In the context of a motion to stay discovery pending a dispositive motion, Rule 26(c) requires the movant to (1) show that the dispositive motion raises no factual issues, see Rae v. Union Bank, 725 F.2d 478, 481 (9th Cir. 1984), and (2) “convince” the court that the dispositive motion will be granted. Wood v. McEwen, 644 F.2d 797, 801 (9th Cir. 1981) cert. denied, 455 U.S. 942 (1982) (citing B. R. S. Land Investors v. United States, 596 F.2d 353, 356 (9th Cir. 1979) (“A district court may properly exercise its discretion to deny discovery where, as here, it is convinced that the plaintiff will be unable to state a claim upon which relief can be granted.”); see also Ministerio Roca Solida v. U.S. Dep’t of Fish & Wildlife, 288 F.R.D. 500, 506 (D. Nev. 2013) (permitting a stay of discovery where a pending dispositive motion (1) is “potentially dispositive of the entire case or at least dispositive of the issue on which discovery is sought” and (2) can be decided without additional discovery).

When applying this test, the court must take a “preliminary peek” at the merits of the pending dispositive motion to assess whether a stay is warranted. TradeBay, LLC v. Ebay, Inc., 278 F.R.D. 597, 603 (D. Nev. 2011). The purpose of the “preliminary peek” is not to prejudge the outcome of the motion to dismiss. Id. “Rather, the court’s role is to evaluate the propriety of an order staying or limiting discovery with the goal of accomplishing the objectives of Rule 1.” Id. Typical situations in which staying discovery pending a ruling on a dispositive motion are appropriate would be where the dispositive motion raises issues of jurisdiction, venue, or immunity. See Wyatt v. Kaplan, 686 F.2d 276 (5th Cir. 1982).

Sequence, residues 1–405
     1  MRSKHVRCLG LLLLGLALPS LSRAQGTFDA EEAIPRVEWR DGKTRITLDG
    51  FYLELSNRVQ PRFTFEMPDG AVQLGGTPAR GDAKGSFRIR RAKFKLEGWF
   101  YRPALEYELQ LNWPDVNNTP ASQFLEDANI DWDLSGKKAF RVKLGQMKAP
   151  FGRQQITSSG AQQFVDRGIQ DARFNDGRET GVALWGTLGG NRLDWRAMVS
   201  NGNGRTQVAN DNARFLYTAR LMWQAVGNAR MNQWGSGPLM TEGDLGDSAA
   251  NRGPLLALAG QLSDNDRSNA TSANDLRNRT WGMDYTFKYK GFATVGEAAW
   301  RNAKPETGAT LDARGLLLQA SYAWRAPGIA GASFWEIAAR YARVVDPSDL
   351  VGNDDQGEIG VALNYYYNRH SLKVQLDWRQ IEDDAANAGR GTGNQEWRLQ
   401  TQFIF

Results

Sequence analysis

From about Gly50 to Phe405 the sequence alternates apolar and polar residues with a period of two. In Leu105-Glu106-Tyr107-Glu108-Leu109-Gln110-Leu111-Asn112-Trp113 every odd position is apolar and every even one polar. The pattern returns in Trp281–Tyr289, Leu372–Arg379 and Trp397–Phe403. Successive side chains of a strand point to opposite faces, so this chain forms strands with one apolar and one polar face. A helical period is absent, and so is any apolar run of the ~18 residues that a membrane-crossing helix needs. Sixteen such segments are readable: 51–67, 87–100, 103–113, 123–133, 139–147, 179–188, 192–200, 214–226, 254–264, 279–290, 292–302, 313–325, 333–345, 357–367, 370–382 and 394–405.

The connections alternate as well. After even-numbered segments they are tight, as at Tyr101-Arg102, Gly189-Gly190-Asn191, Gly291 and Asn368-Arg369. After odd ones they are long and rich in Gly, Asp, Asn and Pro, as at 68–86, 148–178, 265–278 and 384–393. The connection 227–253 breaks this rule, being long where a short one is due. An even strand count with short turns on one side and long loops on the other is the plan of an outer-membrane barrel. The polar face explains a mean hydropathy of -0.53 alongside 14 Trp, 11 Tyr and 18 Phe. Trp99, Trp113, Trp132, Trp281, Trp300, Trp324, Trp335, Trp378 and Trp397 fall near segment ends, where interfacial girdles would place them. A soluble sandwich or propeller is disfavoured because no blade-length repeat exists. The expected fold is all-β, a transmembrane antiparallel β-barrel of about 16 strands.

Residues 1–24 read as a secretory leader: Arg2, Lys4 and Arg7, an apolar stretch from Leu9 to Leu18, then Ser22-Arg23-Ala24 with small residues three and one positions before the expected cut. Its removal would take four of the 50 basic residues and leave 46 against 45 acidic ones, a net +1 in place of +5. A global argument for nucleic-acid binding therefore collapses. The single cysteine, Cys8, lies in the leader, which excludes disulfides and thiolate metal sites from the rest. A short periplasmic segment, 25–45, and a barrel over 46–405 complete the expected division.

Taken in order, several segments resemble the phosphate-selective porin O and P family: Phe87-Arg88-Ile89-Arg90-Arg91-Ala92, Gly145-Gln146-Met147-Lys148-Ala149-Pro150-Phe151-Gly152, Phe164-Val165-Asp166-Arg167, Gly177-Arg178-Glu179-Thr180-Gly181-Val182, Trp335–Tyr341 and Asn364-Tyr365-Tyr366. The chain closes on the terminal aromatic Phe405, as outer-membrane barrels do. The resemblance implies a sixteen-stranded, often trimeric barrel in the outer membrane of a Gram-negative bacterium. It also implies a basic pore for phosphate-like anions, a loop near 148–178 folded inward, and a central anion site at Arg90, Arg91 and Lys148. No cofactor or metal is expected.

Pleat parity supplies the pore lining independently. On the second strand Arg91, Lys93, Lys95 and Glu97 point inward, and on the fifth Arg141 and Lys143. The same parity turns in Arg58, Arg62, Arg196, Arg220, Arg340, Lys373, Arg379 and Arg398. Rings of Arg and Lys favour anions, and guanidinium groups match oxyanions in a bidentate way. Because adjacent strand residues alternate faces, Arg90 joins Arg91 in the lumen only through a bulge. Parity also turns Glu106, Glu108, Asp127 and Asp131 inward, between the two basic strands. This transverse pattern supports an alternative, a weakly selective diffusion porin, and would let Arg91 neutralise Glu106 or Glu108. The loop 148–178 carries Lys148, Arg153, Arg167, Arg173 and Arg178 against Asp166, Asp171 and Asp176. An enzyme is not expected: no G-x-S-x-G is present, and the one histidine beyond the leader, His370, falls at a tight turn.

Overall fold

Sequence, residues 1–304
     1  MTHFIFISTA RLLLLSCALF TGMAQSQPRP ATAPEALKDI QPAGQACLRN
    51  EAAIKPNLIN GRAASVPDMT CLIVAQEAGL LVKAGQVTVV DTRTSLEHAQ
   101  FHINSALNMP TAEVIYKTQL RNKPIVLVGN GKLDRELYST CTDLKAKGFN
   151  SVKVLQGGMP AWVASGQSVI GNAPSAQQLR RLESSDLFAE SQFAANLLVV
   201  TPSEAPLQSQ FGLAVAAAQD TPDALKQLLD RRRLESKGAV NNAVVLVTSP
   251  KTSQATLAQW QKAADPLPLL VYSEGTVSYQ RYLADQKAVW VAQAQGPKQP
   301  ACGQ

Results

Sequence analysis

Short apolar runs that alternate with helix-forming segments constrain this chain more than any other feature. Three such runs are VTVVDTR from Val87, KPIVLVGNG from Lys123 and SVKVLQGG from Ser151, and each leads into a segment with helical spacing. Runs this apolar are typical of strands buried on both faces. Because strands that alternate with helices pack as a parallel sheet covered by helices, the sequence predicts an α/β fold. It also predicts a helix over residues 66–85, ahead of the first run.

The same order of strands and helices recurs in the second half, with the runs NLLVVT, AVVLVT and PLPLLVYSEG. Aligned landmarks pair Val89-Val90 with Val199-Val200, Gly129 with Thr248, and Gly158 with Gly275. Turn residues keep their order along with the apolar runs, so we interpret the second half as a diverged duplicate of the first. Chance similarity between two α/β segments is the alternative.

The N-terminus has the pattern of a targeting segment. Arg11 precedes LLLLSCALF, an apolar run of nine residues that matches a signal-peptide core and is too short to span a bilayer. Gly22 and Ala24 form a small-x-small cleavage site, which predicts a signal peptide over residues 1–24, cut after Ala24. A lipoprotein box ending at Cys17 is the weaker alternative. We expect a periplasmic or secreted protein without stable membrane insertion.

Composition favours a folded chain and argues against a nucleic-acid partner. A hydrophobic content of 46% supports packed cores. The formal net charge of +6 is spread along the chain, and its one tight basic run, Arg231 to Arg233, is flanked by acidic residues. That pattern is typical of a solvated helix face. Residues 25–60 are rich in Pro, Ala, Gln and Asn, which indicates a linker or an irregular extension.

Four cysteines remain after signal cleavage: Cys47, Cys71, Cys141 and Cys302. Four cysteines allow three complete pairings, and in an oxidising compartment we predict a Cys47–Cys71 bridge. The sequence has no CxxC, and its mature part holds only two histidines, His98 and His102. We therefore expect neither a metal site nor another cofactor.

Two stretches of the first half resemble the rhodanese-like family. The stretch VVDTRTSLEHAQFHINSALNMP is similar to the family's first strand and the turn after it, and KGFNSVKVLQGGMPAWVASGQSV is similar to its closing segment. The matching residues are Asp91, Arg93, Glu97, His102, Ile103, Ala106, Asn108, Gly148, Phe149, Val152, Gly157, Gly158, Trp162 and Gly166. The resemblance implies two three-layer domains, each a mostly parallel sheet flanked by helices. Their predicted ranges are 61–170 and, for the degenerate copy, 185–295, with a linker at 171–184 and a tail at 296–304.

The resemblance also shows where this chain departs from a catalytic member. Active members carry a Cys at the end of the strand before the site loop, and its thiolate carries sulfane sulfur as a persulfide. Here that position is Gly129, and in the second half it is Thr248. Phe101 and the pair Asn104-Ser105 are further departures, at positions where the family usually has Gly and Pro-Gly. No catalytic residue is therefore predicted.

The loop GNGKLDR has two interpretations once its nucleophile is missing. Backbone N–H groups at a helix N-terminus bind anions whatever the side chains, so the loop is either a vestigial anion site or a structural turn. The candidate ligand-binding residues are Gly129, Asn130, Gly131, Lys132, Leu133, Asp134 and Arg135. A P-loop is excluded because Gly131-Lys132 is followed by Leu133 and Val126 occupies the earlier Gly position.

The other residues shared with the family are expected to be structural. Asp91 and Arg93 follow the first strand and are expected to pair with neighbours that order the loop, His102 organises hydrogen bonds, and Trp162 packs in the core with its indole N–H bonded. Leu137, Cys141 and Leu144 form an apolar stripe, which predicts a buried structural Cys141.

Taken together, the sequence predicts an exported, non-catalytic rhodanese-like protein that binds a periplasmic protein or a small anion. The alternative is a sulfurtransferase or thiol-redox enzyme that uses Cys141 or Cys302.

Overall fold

Anderson failed to satisfy this standard for two reasons. First, he did not convincingly show that his own complaint should be dismissed. This is what the governing law requires under these circumstances. See TradeBay, 278 F.R.D. at 603. Second, Anderson asserts that a discovery stay should be entered because White moved to dismiss. This argument fails as a matter of law. The Federal Rules of Civil Procedure do not provide for automatic or blanket stays of discovery when a potentially dispositive motion is pending. Id; Skellerup, 163 F.R.D. at 600-01.

If Anderson does not wish to proceed with this litigation, he may pursue a stipulated to a dismissal without prejudice. However, Anderson may not have it both ways: maintain that this action should not be dismissed and, at the same time, request a discovery stay because a dispositive motion is pending. A stay of discovery pending a dispositive motion is only appropriate where the court is convinced that the dispositive motion will be granted. See TradeBay, 278 F.R.D. at 603. Here, Anderson seeks a stay of discovery while asserting that the dispositive motion will be denied. See (Doc. #40) (opposing White’s Motion for Summary Judgment). There is no reason to stay discovery under these circumstances.

ACCORDINGLY, and for good cause shown, IT IS ORDERED that Anderson’s Motion to Stay (#41) is DENIED.

IT IS FURTHER ORDERED that Anderson’s Motion for a Protective Order (#43) is DENIED.